Nicotine, the major addicting agent in tobacco and tobacco smoke, undergoes a complex metabolic pathway, with ∼22% of nicotine urinary metabolites in the form of phase II N-glucuronidated compounds. Recent studies have shown that UGT2B10 is a major enzyme involved in the N-glucuronidation of several tobacco-specific nitrosamines. In the present study, microsomes of UGT2B10-overexpressing HEK293 cells exhibited high N-glucuronidation activity against both nicotine and cotinine with apparent KM's that were 37- and 3-fold lower than that observed for microsomes of UGT1A4-overexpressing cells against nicotine and cotinine, respectively. The KM of microsomes from wild-type (WT) UGT2B10-overexpressing cells for nicotine and cotinine was similar to that observed for human liver microsomes (HLM) against both substrates. The level of glucuronidated nicotine or cotinine in 112 HLM samples was correlated with UGT2B10 genotype; the levels of nicotine- and cotinine-glucuronide were 21% to 30% lower in specimens from subjects with the UGT2B10 (*1/*2) genotype compared with specimens from subjects with the WT UGT2B10 (*1/*1) genotype; a 5- and 16-fold lower level of nicotine- and cotinine-glucuronide formation, respectively, was observed in HLM from subjects with the UGT2B10 (*2/*2) genotype. In contrast to the relatively high activity observed for cells overexpressing WT UGT2B10 in vitro, little or no glucuronidation was observed for microsomes from cells overexpressing the UGT2B10*2 variant against either nicotine or cotinine. These data suggest that UGT2B10 is the major hepatic enzyme involved in nicotine/cotinine glucuronidation and that the UGT2B10*2 variant significantly reduces nicotine-and cotinine-N-glucuronidation formation and plays an important role in nicotine metabolism and elimination.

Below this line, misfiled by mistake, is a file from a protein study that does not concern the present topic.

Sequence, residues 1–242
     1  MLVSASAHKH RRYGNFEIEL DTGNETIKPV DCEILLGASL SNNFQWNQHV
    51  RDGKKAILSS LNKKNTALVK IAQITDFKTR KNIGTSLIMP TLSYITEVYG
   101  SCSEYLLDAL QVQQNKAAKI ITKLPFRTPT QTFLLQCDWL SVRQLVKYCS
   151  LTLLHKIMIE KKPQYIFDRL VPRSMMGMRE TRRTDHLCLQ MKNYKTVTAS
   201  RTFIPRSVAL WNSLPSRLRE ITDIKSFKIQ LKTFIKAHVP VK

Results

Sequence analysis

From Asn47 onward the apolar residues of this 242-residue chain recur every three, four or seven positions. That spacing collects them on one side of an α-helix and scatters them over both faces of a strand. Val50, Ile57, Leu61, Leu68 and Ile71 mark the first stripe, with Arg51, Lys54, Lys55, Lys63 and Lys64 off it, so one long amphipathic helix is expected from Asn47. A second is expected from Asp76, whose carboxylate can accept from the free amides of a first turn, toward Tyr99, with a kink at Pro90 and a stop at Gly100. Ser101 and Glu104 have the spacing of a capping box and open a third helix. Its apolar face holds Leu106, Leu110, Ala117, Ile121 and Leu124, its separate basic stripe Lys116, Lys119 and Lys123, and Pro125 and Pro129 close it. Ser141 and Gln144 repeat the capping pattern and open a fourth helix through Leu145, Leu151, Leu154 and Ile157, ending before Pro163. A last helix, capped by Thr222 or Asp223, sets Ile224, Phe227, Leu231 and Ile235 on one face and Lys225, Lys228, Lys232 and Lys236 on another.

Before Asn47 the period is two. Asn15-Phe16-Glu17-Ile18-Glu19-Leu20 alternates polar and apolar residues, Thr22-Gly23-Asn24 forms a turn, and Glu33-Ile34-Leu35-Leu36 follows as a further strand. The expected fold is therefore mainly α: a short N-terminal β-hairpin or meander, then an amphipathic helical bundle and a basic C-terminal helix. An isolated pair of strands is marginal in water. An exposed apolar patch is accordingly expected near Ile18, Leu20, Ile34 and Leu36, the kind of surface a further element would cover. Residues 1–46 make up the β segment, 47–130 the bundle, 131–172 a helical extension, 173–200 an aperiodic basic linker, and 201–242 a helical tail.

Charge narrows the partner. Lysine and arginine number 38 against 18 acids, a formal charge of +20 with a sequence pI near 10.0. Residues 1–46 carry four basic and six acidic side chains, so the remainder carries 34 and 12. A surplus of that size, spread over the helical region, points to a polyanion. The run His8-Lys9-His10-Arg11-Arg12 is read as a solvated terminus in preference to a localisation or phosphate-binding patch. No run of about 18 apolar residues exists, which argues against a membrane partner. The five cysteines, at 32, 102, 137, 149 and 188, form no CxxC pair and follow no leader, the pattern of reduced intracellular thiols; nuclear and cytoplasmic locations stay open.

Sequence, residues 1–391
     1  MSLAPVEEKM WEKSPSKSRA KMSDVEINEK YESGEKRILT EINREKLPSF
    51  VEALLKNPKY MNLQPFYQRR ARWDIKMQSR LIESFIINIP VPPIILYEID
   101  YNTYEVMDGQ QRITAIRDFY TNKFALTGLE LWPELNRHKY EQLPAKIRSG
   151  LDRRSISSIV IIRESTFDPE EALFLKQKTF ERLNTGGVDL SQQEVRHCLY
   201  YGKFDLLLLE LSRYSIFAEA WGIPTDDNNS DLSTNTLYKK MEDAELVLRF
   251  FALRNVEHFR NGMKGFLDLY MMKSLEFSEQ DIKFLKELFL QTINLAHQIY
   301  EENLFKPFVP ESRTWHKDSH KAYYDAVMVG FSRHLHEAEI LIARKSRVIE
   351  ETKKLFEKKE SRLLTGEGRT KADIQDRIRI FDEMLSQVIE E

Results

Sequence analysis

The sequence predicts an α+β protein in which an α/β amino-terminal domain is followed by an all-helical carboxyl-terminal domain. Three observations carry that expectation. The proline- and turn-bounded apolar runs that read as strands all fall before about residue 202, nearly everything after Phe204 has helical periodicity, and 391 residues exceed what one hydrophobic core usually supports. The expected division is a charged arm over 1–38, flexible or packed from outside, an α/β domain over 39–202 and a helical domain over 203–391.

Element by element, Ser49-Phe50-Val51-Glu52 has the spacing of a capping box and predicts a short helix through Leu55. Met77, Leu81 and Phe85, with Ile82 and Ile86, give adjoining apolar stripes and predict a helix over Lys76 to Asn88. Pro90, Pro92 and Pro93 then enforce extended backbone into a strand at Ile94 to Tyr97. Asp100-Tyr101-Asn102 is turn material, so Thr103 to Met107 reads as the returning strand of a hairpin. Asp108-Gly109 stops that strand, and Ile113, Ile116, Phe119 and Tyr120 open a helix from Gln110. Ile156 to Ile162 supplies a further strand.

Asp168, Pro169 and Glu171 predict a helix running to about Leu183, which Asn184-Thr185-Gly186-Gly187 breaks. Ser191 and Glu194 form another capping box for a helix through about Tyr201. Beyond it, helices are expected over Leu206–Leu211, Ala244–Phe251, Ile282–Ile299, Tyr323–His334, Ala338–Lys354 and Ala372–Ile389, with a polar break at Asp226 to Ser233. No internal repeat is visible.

All Science Journal Classification (ASJC) codes
- Cancer Research